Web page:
Espresso on the Road? Yes, Please! Meet Handpresso.

Hang out with RVers long enough and the topic of coffee in the RV inevitably comes up. And I must admit (coffee snobs DO NOT READ THIS SENTENCE), we do a lot of instant coffee in the RV (warned ya) and that seems to work out fine for us.  But one thing I really REALLY start to miss on road trips is espresso. Not sure why, but I’ve always preferred the taste of espresso to coffee. And! I love how espresso can be easily doctored up and made to taste a bazillion different ways depending on what flavors you add. Can’t do that with coffee. Well, you can, but yuck.



So! We recently got our mitts on two different portable espresso makers from the folks at Handpresso, a French company, and gave them a spin. Full disclosure, I’ve had my eye on Handpresso for quite a while now and finally couldn’t stand it any longer, so I reached out to them. We ended up getting them for free (I’m sure it was my witty charm) but made no deals with them beyond that to do a favorable review or try to sell them in any way shape or form. So, this is all us and our honest thoughts. We simply liked them and thought you might too.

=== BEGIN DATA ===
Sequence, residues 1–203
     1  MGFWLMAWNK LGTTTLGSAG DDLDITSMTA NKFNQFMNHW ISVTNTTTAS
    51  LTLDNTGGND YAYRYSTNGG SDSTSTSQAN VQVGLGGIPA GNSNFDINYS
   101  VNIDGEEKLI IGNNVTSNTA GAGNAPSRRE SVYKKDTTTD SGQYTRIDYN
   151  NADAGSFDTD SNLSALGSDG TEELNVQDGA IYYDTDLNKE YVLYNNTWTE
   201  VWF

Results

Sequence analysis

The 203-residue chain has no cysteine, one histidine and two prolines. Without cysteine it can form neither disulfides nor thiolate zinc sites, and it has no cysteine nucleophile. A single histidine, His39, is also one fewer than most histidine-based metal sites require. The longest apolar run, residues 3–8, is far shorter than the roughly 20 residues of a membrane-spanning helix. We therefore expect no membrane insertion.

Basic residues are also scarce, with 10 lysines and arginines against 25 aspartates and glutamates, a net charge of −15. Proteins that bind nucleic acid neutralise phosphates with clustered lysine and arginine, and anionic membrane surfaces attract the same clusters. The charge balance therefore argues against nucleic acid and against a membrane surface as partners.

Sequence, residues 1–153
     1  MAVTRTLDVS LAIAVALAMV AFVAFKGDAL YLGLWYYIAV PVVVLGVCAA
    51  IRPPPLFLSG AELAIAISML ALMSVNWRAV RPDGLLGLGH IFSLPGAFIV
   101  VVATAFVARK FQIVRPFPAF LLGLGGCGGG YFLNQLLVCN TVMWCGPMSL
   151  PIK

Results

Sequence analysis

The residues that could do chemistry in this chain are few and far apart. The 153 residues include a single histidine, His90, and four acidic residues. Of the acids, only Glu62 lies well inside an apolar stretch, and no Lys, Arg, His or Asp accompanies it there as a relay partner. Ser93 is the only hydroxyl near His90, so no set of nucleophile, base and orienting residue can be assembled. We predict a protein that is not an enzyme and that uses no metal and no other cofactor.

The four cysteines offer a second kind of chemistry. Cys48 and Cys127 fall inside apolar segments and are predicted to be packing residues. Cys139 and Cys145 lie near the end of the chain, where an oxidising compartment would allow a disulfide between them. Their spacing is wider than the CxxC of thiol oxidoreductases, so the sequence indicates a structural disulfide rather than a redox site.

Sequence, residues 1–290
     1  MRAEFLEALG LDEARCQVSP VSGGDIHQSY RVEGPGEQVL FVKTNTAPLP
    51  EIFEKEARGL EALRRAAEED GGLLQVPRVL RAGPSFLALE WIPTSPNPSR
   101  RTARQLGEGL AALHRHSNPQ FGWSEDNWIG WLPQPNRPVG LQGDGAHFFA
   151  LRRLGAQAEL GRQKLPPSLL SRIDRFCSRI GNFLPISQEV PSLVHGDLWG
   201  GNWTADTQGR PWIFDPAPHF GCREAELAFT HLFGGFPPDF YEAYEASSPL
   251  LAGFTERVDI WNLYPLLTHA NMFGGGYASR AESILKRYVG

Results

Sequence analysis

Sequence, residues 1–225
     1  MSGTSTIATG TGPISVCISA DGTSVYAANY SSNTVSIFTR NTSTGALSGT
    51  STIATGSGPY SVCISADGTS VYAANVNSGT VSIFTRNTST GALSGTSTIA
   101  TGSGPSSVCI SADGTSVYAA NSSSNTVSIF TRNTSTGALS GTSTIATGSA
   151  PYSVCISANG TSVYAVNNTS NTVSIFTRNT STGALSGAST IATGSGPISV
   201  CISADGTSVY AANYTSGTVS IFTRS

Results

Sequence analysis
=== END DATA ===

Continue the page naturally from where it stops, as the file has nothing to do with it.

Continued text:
Here are the two espresso makers you’ll see in action in our video.

Handpresso Wild Hybrid:

This fantastic little gadget (emphasis on little!) requires no electricity or battery whatsoever and can make you a delicious shot of espresso literally anywhere. You simply pump it up to get it pressurized (like a bike pump), add hot water & espresso, and press the button. Easy peasy! Just like that, you’re sipping espresso on the road. Or at the campsite. Or, while we’re at it, how about on top of Mt. Rainier…how cool would THAT be? The only thing you’ve got to bring to the party is some hot water. For RVers, obviously that’s not a problem. And did you SEE the color of our Handpresso Wild?! YELLOW! Like our RV! Was that meant to be or what?!?

Handpresso Auto: